var newValue = event.newValue;
        var oldValue = event.oldValue;
        var url = event.url;
        var storageArea = event.storageArea;

        alert("EVENT:n" + k + "n" + newValue + "n" + oldValue + "n" + url + "n" + storageArea);
        refreshContents();
      });

      function refreshContents() {
        var str = "";

        for (var i = 0, len = localStorage.length; i < len; i++) {
          var k = localStorage.key(i);
          var v = localStorage.getItem(k);

          str += "'" + k + "' = '" + v + "'<br />";
        }

    key.value = "";
    value.value = "";
        content.innerHTML = str;
      }

      refreshContents();
    });
  </script>
</head>
<body>
  Key:  <input type="text" id="key" /><br />
  Value: <input type="text" id="value" /><br />
  <input type="button" id="add" value="Add to Storage" />&nbsp;
  <input type="button" id="remove" value="Remove from Storage" />&nbsp;
  <input type="button" id="clear" value="Clear Storage" /><br />
  Contents of Local Storage:<br />
  <span id="content"></span>
</body>
</html>

Things to Remember

  • Local storage persists until it is explicitly deleted or the browser’s cache is cleared.
  • Session storage persists until it is explicitly deleted or the browsing context is closed.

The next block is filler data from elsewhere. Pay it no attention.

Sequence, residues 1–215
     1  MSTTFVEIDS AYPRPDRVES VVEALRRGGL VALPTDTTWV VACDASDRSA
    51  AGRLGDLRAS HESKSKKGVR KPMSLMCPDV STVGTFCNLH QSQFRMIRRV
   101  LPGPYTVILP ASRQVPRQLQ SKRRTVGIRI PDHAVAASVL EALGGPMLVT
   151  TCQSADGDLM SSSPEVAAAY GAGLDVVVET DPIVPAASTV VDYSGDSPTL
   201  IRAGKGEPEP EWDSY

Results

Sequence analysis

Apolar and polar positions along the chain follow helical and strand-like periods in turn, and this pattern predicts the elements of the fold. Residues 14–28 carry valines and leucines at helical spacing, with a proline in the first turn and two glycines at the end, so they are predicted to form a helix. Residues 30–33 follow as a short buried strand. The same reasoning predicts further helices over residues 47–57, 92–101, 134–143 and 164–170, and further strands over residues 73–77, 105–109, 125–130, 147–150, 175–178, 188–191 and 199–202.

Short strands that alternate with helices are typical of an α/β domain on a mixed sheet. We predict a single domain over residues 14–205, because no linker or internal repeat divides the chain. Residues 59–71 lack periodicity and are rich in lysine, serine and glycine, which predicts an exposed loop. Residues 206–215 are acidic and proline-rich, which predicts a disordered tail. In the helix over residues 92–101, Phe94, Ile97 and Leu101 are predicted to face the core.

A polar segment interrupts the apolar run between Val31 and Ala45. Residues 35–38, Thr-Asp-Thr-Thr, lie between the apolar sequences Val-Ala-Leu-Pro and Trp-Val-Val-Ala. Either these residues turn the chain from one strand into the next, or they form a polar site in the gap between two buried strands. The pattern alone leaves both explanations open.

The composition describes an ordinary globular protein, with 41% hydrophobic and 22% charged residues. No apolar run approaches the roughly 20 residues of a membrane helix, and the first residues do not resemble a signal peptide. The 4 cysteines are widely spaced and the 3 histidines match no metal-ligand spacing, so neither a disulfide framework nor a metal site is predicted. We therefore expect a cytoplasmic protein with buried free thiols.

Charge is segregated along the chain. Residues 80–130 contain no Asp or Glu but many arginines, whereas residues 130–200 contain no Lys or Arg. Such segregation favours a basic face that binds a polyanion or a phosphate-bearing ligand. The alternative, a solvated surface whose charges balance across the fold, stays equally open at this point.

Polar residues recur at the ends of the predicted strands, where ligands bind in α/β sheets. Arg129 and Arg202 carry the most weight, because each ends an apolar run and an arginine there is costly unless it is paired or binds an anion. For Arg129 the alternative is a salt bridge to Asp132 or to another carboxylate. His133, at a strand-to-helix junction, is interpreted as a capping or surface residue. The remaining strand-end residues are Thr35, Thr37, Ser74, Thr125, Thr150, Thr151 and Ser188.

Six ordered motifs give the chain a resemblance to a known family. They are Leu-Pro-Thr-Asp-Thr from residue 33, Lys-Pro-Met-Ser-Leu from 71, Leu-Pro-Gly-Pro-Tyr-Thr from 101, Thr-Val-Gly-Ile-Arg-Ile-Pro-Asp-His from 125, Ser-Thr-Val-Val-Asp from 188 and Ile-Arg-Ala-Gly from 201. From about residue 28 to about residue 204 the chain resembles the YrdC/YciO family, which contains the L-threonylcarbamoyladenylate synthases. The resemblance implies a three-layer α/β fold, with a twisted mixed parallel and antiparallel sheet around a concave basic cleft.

• Data stored by one browser is not accessible by another browser.  For example, data stored by Chrome is not seen by Firefox.
  • Objects should be stored as JSON strings.
  • For security reasons, sensitive data should not be stored, especially in local storage.
  • Changes to a storage area cause a “storage” event to be fired.
  • As with many other HTML5 features, web storage is not yet implemented consistently.

Storage image via Shutterstock

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  • Damu

    cool! Never knew you could use local storage. Gr8 writeup.

  • http://www.devseo.co.uk/ Alex Hall

    Started writing a wrapper that uses localStorage if available, but falls back to a cookie implementation. http://webdesignandseo.net/scripts/localstorage/